GREGORY N. HEIRES
District Council 37 plans to use this election year
to draw greater public attention to the problems of the citys workfare program.
Because the mayoralty, comptroller and public advocate and a large majority
of City Council seats are up for grabs this year, unions and welfare rights advocates
have a unique opportunity to press for major changes in the Work Experience Program.
Representatives of unions, religious groups and community organizations gathered
Dec. 14 at DC 37 headquarters for a briefing on workfare. They exchanged ideas
about ways to use the political system to help change the welfare-to-work program,
which takes jobs and promotions from public employees and is likened by its harshest
critics to modern-day slavery for public assistance recipients.
New York Jobs with Justice and Community Voices Heard sponsored the forum, where
members Dorothy Chambers of Local 1549 and Lester Greene of Local 2507 joined
in a lively question and answer session.
DC 37 Policy Director Debbie Bell, one of the panelists,
said the problems associated with WEP go far beyond the program itself. She pointed
to the general need to address the plight of the citys low-wage workers,
which has been aggravated by shrinking opportunities for jobs with decent wages
and growing income disparity.
A coalition dedicated to true welfare reform,
Ms. Bell said, should convince political candidates to push to eliminate the current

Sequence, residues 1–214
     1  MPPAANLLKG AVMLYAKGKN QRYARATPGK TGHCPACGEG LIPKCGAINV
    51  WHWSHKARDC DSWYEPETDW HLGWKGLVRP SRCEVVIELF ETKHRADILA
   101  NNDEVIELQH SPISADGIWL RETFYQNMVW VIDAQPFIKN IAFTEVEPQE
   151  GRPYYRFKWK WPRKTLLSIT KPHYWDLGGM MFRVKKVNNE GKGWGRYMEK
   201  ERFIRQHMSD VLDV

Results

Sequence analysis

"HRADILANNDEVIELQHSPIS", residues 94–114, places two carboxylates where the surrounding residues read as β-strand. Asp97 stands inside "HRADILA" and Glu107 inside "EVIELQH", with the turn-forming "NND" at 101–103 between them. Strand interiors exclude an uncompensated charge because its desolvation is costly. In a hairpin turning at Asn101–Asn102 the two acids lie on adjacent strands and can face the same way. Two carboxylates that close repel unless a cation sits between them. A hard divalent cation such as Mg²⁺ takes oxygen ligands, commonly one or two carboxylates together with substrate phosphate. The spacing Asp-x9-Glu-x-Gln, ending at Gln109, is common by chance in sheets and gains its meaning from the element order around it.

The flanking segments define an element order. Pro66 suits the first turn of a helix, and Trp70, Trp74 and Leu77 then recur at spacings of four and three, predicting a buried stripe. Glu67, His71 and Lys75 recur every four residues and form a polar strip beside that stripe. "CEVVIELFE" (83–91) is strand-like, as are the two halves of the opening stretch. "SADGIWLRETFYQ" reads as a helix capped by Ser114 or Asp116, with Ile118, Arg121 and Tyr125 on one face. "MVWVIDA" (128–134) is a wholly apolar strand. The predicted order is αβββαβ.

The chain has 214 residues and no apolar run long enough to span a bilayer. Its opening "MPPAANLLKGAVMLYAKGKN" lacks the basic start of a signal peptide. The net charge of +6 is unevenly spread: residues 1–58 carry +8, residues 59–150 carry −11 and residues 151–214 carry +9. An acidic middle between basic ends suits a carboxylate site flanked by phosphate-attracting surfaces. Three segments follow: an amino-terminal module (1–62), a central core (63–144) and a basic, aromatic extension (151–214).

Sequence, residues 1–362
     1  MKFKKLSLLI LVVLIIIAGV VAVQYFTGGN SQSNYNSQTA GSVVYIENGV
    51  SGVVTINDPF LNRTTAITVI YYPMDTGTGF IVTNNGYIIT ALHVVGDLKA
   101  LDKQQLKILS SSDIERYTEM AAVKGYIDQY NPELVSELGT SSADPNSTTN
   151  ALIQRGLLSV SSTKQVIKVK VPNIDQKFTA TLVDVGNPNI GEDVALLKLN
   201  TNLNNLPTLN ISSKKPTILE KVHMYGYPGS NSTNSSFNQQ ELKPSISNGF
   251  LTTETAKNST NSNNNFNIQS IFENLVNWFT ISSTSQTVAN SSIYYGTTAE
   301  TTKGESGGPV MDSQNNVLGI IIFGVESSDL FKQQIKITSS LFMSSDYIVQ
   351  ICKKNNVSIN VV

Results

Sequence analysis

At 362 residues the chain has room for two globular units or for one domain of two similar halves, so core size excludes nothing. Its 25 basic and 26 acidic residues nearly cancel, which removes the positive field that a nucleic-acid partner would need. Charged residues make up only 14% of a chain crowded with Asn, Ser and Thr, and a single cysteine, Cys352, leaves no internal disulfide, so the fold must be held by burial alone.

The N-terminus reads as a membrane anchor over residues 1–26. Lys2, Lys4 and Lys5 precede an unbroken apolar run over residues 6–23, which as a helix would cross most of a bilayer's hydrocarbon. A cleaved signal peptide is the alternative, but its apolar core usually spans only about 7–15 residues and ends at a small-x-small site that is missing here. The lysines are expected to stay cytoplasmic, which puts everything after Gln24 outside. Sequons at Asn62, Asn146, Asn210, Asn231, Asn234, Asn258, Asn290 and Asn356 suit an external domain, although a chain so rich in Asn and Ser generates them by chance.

workfare program and implement a real public sector jobs program to improve the
citys quality of life. The coalition should also press politicians to back
living wage campaigns, tax policies that encourage job creation, universal health
care and child care and affordable housing, Ms. Bell said.
not be satisfied until we have eliminated the WEP program and replaced it with
a transitional jobs program, said panelist Eliot Seide, a deputy administrator
of DC 37. He criticized the program for displacing public employees, driving down
wages and pitting union members against poor and non-union workers.
year, the DC 37 will seek additional funding for a transitional jobs program for
WEP participants, Mr. Seide said. Last year, the City Council adopted the program,
but the Giuliani administration has not implemented it. We will only endorse
a mayoral candidate who supports real jobs with dignity, said Seide, underscoring
how important the elimination of workfare is to the unions electoral agenda.
37 is also fighting the citys abuse of the WEP program through a series
of lawsuits. Last year, the union filed lawsuits over the use of WEP workers in
Parks and clerical jobs, and the city unsuccessfully sought to have the cases
dismissed. In October, DC 37 staff attorney Mary OConnell argued in opposition
to the citys appeal of the Parks ruling, and last month she argued against
its appeal of the clerical ruling.
The unions case against the
Health and Hospitals Corp. awaits a trial date, and a pre-trial conference was
held on a fourth union case dealing with WEPs who are doing the jobs of unionized
There should be a real welfare-to-work program,
said President Michael Hood of Local 1505, which represents Parks workers. The
citys WEP program is just substituting lower cost labor for our members.